Asking other people for help: Gameplan
Last week we looked at how to break down our habits into the cue, action and reward loops and how these automatic processes often result in poor health choices. Have you mulled over any of your habit loops since last week?
When you've been asking friends for help, have you been telling them about the importance of these habit loops? While it’s possible you may find they're fascinated by this process of change, it’s more likely that their eyes will glaze over once you start explaining how you realised the 4pm biscuit you snacked on was really a substitute for a short break and that your new habit of taking a walk around the block is much better for you. And so on.
To enlist the help of friends without boring them, use the tried and tested method of SMART goals. This concept has been around for so long it’s unlikely that you haven’t heard of it but as a quick recap, SMART stands for Specific, Measureable, Achievable, Realistic and Timed. A fuller list of potential meanings could also be read as:
SMART goals are often cited as useful management tools to help teams work smoothly so it makes sense to employ this strategy when asking other people to help you.
Here is the difference between a goal and a SMART goal.
Goal: Get thinner
SMART goal: Cut out treats and puddings to reduce calorie intake by 300 calories per day by to lose 3lbs over the next 4 weeks.
Goal: Be fitter
SMART goal: Make stairs easier to climb by increasing cardiovascular fitness during the summer by leaving car at home and walking daily to and from work.
Both of these SMART examples provide strict instructions on the goal in order to be specific. They also take into account the method of testing and retesting to be measureable, the ability level of the person to be achievable, the facilities they have to hand to be realistic and the timescale for completion. They are also easy to share with others and any deviation from the goal will be obvious to you and your helper.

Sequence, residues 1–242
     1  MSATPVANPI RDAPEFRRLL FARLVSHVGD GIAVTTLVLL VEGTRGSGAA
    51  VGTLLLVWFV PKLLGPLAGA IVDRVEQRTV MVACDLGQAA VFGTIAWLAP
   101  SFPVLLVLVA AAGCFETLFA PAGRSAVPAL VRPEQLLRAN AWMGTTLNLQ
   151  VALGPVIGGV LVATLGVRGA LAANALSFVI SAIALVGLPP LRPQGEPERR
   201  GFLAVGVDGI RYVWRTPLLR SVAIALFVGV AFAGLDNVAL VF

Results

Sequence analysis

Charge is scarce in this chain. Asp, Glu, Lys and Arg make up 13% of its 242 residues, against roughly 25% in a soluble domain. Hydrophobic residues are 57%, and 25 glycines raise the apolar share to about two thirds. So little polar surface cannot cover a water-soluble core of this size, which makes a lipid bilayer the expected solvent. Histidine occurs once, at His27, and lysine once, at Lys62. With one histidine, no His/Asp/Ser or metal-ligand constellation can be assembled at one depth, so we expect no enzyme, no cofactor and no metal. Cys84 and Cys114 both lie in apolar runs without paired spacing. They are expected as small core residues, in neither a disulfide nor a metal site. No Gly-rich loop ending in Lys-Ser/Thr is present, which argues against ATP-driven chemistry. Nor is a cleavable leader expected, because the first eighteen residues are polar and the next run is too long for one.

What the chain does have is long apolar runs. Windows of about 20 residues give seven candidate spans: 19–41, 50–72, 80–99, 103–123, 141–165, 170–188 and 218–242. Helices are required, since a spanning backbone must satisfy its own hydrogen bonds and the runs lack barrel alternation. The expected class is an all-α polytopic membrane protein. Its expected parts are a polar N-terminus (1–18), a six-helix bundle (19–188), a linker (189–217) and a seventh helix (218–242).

Write a SMART goal now that a friend can help you with.
Now that you have your SMART goal, explain it to your friend and tell them how you think they can help you achieve it. They may have other ideas so be open to suggestions, they may have knowledge and skills you don’t know about and could offer better support in a different way. Be clear if you want your friend to help you with only one component of the goal, you may not want them asking you if you’re out of breath while you walk up the stairs every morning.
You may find that your friends’ energy, like your willpower, dissipate after a while and they become less attentive to your goals. Hopefully this will coincide with your natural formation of better habits and you will need less input from them as time goes on. If you need to maintain their interest in your efforts, keep telling them specifically how their support helps you. For the weight loss SMART goal, you may want a work colleague to make sure you don’t eat the birthday/holiday/just because it’s Friday cakes which seem to appear in the office. Explain how difficult it is for you to say no, especially on a Friday afternoon, and how their keen supervision at that time keeps you from tucking in.
When you have achieved success, let them know specific occasions where their efforts helped you, for example ‘remember the coffee cake at Stacey’s birthday? I really needed you then – thanks!’ They’ll feel proud they could help, they’ll understand your trigger points and be better focused at keeping you on track.
Next week we'll look at the Pitfalls of asking friends for help and how to manage them.